Ian MacKaye Discusses Fugazi Live Series Concert Archive: 'I've Always Been A Bit Of A Documentarian'
WASHINGTON -- Legendary D.C. post-punk band Fugazi hasn't played a show since 2002, but languishing fans can now revisit their favorite performances online at the Fugazi Live Series, an ongoing archival project that when complete will feature up to 800 audio tapes recorded by the band.
Singer-guitarist Ian MacKaye now co-owns Dischord Records, which launched the series. On Wednesday, MacKaye dropped by WAMU-FM's "Kojo Nnamdi Show" to talk about how Fugazi wound up recording their shows in the first place and muse on the band's place in the annals of D.C. music history.
"I've always been a bit of a documentarian," MacKaye said on the program, adding there wasn't a whole lot of method to the madness when it came to recording. "At some point, a couple hundred tapes into the process, we kind of realized: Wow! We kind of have to keep going."
Fugazi's music is remembered as having a slant toward social activism, which translated into many shows performed for charities and protests.
Early in life, MacKaye became aware of social issues and the importance of questioning authority, not disrespecting it, through the church attended by his family, Saint Stephen and the Incarnation. The Episcopal congregation was active in liberal causes throughout the 1960s and '70s, including black and women's rights. "The effect on me musically ... was profound," MacKaye said.
Band members once infamously played a show for the inmates at the now-closed Lorton Correctional Facility in Virginia. They were never once paid, according to MacKaye. "It took away any kind of discomfort in terms of who's going to get paid what," he joked.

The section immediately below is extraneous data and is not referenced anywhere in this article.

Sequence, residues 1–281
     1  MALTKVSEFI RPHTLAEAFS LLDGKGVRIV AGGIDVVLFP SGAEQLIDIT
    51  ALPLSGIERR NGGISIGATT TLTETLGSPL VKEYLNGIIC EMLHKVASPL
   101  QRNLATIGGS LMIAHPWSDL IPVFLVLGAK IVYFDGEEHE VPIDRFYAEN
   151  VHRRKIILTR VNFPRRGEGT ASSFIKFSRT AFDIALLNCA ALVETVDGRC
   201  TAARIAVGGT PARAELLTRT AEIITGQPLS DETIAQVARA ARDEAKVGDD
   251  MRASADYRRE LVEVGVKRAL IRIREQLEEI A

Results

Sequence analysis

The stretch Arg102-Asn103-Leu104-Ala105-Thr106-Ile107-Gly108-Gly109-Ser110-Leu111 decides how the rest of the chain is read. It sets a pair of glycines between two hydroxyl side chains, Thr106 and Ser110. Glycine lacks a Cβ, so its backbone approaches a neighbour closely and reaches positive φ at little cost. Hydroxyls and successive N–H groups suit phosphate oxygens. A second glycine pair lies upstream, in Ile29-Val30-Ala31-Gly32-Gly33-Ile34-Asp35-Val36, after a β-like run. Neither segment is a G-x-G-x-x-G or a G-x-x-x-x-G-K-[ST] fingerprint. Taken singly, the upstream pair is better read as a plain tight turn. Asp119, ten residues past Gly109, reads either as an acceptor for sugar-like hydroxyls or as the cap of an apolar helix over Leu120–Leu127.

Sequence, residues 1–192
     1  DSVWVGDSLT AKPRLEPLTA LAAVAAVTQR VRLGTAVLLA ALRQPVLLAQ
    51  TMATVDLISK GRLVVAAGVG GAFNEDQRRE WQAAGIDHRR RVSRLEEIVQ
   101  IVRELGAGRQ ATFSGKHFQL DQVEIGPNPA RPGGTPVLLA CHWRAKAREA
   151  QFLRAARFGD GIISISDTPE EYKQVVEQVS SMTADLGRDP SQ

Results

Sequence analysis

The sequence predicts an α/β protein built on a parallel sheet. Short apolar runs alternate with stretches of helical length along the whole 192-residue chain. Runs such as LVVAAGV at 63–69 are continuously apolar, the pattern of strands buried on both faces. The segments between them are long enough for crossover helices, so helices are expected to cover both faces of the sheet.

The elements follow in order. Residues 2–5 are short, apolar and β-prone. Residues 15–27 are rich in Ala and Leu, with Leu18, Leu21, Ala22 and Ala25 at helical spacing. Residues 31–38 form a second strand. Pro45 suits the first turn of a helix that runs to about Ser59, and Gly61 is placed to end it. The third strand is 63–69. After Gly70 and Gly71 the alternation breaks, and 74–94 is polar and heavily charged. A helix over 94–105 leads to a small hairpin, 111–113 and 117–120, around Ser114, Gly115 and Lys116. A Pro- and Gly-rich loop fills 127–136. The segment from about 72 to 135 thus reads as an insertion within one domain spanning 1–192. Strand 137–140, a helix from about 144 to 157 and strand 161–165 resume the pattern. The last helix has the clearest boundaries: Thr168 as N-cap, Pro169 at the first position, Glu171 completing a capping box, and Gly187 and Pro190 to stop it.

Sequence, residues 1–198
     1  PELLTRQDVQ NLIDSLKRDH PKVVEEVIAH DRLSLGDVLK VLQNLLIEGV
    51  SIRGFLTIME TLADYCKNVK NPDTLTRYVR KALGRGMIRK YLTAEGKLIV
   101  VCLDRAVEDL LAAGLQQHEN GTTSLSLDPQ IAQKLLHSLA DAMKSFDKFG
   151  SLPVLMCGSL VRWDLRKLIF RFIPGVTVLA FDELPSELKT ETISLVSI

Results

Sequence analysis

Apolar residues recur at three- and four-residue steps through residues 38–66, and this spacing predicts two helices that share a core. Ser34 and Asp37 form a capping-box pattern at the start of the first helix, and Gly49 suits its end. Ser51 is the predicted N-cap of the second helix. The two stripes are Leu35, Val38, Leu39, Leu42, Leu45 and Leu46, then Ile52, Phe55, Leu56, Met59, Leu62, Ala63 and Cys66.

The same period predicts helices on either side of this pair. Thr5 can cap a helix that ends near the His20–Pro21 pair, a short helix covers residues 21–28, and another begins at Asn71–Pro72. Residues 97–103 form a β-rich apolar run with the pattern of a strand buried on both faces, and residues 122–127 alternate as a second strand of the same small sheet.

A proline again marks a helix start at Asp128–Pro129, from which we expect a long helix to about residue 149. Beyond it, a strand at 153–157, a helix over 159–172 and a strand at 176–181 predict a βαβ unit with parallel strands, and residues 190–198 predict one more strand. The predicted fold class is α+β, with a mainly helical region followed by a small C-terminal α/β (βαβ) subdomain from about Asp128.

In its heyday, shows were priced at around $5 with proceeds usually given away to needy groups. It's also the suggested price of downloading a show on the Fugazi Live Series, although fans can pay anything between $1 and $100 if they so choose.
"Our position on the free thing, ... You can't make new things for free," MacKaye explained. "We're encouraging people to become patrons of the arts in their own special way."
The sound quality of the recordings isn't always perfect, but the band doesn't feel that detracts from its significance.
In November, singer-guitarist Guy Picciotto told The New York Times that the band "liked this idea of, 'Let's just let it be everything.'"
"There doesn't have to be the idea that this is the great, golden document. It's all there, and it's not cleaned up. You get what you get."
The sound quality also varies, and taken as a whole, the project also tells a story about musical technology from the 1980s into the 2000s. The earliest recordings were made on cassettes, then came digital DAT tapes, then CD-R's and a few hard drives. Sorting through it involved not only the process of formatting and mastering the audio but also even more tedious chores like scouring hours of onstage banter to identify unlabeled tapes.
Fans wondering if Fugazi will ever play another show will have to wait a while longer. "Whether we play again, I just don't know," said MacKaye. "Let me know if you find out!"